Maine Probate Advance Law and Information on Inheritance Loans

When a person passes away, their estate must be distributed to any heirs. Probate is the legal method that allows the dispersal of the estate. Every state has specific laws or statutes that regulate the process. These laws detail the deadlines and what signatures are necessary and which property is required to go through probate.

What are Maine Probate Laws?

The probate process in Maine is fairly straightforward. However, this doesn’t mean it’s easy or fast. There is a formal probate as well as an informal option. A personal representative handles the distribution of the estate in accordance with the laws. An attorney is not a requirement, but it may be a good idea for the representative to work with an attorney to ensure all statutes are followed. An experienced probate attorney in Maine will be aware of any changes in the statutes which might affect your estate. They can help you file the proper paperwork and ensure you meet the deadlines. The attorney has the best interests of the heirs in mind. For instance, they will let you know the deadlines for when creditors must file a claim with the estate.

How Does the Process of Probate Work in Maine?

Probate is similar in most states, but it’s important to know the details of how it works in Maine. There are several steps involved, and you may need to meet certain deadlines.
  • Someone must file the original death certificate and will with the court. The person must also pay a filing fee. The fee is based on the value of the decedent’s holdings.
  • The court will appoint the personal representative on behalf of the estate. If the will names a person, the court generally approves them if they are willing to serve. The court will give them Letters of Authority, which allows them to handle tasks to complete probate.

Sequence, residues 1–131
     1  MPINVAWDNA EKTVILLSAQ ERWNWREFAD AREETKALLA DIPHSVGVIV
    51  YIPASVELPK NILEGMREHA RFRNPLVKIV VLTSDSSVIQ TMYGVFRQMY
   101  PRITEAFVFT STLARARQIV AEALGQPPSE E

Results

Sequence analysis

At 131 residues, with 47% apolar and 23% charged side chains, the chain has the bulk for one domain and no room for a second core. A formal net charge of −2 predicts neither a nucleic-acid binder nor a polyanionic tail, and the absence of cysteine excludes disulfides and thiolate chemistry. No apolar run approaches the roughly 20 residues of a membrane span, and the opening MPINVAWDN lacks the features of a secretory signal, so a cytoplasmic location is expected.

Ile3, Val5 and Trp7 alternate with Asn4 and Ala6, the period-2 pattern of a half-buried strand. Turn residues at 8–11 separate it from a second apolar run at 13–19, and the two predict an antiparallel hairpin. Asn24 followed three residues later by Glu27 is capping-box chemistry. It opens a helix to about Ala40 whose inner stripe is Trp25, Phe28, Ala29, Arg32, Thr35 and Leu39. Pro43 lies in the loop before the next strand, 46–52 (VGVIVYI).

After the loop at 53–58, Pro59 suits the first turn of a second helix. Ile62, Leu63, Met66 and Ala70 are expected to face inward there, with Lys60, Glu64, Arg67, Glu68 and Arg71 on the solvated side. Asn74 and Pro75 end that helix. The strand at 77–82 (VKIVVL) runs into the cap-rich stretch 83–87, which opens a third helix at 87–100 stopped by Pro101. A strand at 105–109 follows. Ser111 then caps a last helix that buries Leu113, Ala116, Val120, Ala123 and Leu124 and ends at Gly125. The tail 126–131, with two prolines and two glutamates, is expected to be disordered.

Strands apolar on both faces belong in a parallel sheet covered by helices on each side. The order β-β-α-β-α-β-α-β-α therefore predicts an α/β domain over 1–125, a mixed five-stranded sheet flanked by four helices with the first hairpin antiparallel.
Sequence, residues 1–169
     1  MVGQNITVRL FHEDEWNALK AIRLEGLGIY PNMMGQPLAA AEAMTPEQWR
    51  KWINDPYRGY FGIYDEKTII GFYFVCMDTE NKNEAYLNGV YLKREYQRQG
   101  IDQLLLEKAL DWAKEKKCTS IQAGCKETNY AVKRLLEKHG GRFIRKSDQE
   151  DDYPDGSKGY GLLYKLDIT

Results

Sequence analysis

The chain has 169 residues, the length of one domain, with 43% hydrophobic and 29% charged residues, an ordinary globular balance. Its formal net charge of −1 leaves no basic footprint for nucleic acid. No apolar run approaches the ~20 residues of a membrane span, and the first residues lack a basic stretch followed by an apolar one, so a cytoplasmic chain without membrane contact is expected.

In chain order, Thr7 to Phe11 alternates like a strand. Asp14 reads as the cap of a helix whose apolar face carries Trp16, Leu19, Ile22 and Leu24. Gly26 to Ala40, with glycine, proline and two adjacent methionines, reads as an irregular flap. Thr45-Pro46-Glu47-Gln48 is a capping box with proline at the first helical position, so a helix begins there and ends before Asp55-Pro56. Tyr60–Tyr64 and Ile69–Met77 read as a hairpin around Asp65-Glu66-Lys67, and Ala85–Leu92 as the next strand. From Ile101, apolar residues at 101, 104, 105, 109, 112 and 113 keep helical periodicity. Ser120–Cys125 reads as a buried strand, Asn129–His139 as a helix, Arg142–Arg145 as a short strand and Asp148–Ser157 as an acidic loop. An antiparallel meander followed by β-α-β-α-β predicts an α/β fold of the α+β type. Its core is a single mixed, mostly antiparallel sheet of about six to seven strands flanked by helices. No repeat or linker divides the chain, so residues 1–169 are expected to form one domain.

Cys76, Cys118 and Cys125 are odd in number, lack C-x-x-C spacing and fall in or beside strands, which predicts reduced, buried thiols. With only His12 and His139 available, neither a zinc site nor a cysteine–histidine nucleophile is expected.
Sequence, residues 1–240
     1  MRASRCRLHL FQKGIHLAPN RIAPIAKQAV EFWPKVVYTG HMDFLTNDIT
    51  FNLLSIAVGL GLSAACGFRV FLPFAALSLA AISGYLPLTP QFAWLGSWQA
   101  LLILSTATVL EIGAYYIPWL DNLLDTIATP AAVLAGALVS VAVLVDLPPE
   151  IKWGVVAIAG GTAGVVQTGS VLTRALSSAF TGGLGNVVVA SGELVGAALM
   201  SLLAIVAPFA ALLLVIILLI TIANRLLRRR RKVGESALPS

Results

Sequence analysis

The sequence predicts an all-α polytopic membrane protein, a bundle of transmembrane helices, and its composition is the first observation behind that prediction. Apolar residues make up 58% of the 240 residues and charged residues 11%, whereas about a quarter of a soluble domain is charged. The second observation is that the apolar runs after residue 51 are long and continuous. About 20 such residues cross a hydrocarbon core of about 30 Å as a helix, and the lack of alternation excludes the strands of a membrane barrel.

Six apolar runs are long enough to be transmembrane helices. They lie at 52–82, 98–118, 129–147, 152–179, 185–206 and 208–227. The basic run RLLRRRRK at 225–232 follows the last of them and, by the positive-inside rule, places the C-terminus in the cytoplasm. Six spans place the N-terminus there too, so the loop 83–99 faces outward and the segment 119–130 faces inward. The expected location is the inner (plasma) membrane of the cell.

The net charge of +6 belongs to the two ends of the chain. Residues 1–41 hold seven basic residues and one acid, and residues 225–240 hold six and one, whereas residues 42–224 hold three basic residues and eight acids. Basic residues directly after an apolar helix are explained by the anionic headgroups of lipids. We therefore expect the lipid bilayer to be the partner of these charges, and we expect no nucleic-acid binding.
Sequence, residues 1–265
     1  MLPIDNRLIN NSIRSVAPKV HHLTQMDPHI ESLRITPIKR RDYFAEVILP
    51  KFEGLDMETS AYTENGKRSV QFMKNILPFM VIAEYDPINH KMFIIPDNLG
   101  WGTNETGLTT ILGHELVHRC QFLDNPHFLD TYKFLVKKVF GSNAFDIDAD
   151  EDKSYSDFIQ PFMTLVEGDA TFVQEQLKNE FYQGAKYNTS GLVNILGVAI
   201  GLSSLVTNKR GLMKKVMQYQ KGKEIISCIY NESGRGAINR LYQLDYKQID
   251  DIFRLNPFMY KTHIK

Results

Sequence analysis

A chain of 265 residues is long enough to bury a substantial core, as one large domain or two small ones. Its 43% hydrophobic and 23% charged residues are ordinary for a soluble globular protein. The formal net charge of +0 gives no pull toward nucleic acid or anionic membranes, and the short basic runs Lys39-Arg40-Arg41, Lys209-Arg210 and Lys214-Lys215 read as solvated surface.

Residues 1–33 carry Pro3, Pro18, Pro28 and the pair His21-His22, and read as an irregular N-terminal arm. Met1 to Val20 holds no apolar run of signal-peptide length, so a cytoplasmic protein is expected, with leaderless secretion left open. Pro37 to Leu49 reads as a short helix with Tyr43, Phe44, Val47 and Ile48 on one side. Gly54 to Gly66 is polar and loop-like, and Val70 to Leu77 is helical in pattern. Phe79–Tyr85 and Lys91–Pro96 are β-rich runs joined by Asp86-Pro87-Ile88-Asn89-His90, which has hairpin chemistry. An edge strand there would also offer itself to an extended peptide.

• The personal representative will send notice to the heirs and creditors which includes a copy of the Letters of Authority. They will also publish a notice in the newspaper.
  • The estate must be inventoried, which includes itemizing everything and appraising. It does not need to be filed with the court, but the inventory must be available to anyone who asks for it.
  • Creditors have up to nine months to make a claim against the estate. The personal representative must pay all debts or dispute them in court.
  • A tax return must be filed within nine months of the decedent’s death and all taxes paid.
  • The estate will be distributed to the heirs once the court approves such a distribution.
After these tasks are completed, the estate is ready to be closed. The personal representative bears a great deal of responsibility and must meet several deadlines. While they have some control over the tasks because of the Letters of Authority given to them by the court, they do not own the estate.

What Property Must be Included in Probate in Maine?